Archbishop Christophe Pierre, papal nuncio to the United States, mentioned some of these challenges in his opening remarks, along with the need to welcome migrants and fight racism. He also urged the bishops not just to focus on the challenges before them but to consider how they could further develop collegiality and collaboration with one another.
In his final address as president of the U.S. Conference of Catholic Bishops, Cardinal Daniel N. DiNardo of Galveston-Houston told his fellow bishops that it has been “an honor to serve you, even in the difficult times.”
The 70-year-old prelate thanked the bishops, whom he called brothers, for the past three years and was thanked by them in return when the group gave him a standing ovation at the end of his nine-minute presentation.
“Let’s begin anew,” he said at the close of his address, veering away from prepared remarks, and quoting St. Augustine.
The cardinal, who suffered a mild stroke earlier this year, did not elaborate on specifics of the abuse crisis in the Church, particularly highlighted this past year, but spoke of the bishops’ continued work of transparency related to dealing with the crisis. He said the abuse measures adopted by U.S. bishops at their meeting last June are “only a beginning. More needs to be done.”
In another vote, the bishops voting overwhelmingly on a revised set of strategic priorities to take them into the next decade. They also discussed upcoming votes during their gathering, such as news materials to complement “Forming Consciences for Faithful Citizenship,” their long-standing guide to help Catholics form their consciences in public life, including voting.
Retired Army Col. Anita Raines, who chairs the National Advisory Council, said in a report to the bishops that the group supported the prelates’ effort to promulgate its “Faithful Citizenship” document and supplemental materials.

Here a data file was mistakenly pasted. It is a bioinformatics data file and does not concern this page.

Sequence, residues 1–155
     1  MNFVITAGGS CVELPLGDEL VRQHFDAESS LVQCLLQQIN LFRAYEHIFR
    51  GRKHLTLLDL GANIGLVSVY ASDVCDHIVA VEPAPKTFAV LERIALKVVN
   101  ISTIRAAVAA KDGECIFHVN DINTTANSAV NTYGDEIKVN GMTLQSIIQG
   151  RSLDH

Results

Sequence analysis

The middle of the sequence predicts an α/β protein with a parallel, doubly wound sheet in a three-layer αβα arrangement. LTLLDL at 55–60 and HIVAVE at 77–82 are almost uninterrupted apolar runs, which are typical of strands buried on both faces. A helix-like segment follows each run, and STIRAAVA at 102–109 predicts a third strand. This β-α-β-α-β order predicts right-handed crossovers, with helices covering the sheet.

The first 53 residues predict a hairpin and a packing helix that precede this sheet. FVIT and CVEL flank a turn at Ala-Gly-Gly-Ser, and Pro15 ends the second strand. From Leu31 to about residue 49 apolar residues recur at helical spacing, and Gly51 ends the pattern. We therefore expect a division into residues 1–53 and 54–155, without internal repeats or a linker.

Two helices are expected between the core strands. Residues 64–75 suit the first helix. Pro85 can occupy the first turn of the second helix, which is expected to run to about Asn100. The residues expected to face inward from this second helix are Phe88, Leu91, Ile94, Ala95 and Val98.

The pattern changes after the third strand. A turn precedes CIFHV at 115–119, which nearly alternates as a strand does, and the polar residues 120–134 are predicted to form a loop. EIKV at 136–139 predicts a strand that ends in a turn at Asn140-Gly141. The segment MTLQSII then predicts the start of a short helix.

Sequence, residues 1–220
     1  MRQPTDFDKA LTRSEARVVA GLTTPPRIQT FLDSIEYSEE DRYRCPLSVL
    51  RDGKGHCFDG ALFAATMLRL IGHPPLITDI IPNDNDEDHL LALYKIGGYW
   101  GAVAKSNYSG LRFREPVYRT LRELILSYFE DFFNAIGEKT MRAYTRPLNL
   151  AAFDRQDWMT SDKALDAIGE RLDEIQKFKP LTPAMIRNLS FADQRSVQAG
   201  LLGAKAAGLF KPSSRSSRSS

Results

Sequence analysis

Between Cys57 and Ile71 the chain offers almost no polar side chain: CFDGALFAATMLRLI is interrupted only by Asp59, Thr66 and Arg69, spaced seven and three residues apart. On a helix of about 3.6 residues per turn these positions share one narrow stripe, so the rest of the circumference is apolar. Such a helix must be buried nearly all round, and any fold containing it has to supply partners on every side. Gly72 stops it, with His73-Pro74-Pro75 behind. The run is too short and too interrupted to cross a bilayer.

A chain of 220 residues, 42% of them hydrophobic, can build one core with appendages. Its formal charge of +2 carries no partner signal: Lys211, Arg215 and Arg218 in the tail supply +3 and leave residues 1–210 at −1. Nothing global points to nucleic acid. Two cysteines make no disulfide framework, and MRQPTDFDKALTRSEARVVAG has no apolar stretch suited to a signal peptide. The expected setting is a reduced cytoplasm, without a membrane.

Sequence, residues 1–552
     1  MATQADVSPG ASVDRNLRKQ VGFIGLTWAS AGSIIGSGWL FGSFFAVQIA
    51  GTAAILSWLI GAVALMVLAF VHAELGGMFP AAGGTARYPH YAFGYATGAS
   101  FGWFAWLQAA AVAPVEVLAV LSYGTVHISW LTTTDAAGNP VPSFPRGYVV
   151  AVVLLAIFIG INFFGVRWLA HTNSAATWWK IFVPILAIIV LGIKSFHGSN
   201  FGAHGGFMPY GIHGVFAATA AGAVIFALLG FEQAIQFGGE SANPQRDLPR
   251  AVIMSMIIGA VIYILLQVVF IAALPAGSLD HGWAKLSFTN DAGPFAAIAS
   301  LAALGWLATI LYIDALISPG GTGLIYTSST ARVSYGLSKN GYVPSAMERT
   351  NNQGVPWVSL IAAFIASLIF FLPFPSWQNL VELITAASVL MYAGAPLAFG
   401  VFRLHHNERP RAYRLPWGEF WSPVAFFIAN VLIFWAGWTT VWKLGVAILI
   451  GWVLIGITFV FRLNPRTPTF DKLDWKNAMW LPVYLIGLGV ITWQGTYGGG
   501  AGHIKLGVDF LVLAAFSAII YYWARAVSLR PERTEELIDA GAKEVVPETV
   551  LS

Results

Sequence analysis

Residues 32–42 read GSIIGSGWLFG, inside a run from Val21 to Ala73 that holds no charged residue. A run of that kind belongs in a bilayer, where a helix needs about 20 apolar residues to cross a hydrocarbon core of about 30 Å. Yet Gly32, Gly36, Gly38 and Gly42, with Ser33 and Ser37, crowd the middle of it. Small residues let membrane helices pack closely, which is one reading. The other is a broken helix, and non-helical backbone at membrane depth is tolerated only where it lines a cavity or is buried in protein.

The bishops also heard about societal issues such as gun violence and Bishop Frank J. Dewane of Venice, Florida, said Catholic clergy and lay leaders can play a role in bringing together people along the rural-urban divide to build understanding of the need for sensible policies that can end the scourge of gun violence.
The bishop, who is chairman of the U.S. bishops’ Committee on Domestic Justice and Human Development, outlined the USCCB’s long-held stance of the need for “common sense” legislation that governs the availability of guns. But he also said it was time for people to come together so that there is greater understanding of how gun violence affects urban communities in particular.
He told Catholic News Service that the USCCB’s work on the legislative front was important, but that a pastoral response to gun violence was needed.
“It’s time for a different approach,” he said.
In a new approach for the bishops’ pro-life efforts, Archbishop Joseph F. Naumann of Kansas City, Kansas, invited his fellow bishops to devote a year of service to pregnant women starting next March.
He said Catholic parishes can be one of the first places a woman facing an unexpected or challenging pregnancy can turn to for assistance rather than think of seeking an abortion and they could offer a variety of support services to women who may be thinking about whether to carry their child to term.
The bishops also heard about plans to revise the U.S. Conference of Catholic Bishops’ existing Program of Priestly Formation for U.S. dioceses.
In his homily at the Nov. 11 Mass in the hotel ballroom, Cardinal DiNardo stressed that St. Martin of Tours, whose feast was celebrated that day, offered them a fitting example.
He said little is known about what the saint wrote in the late 300s but plenty is known about what he did: “reconciling the Christian community and reconciling the clergy, even then.”
“Brothers, we have someone to imitate tonight,” he told them.
Contributing to this report were Rhina Guidos, Mark Pattison and Dennis Sadowski.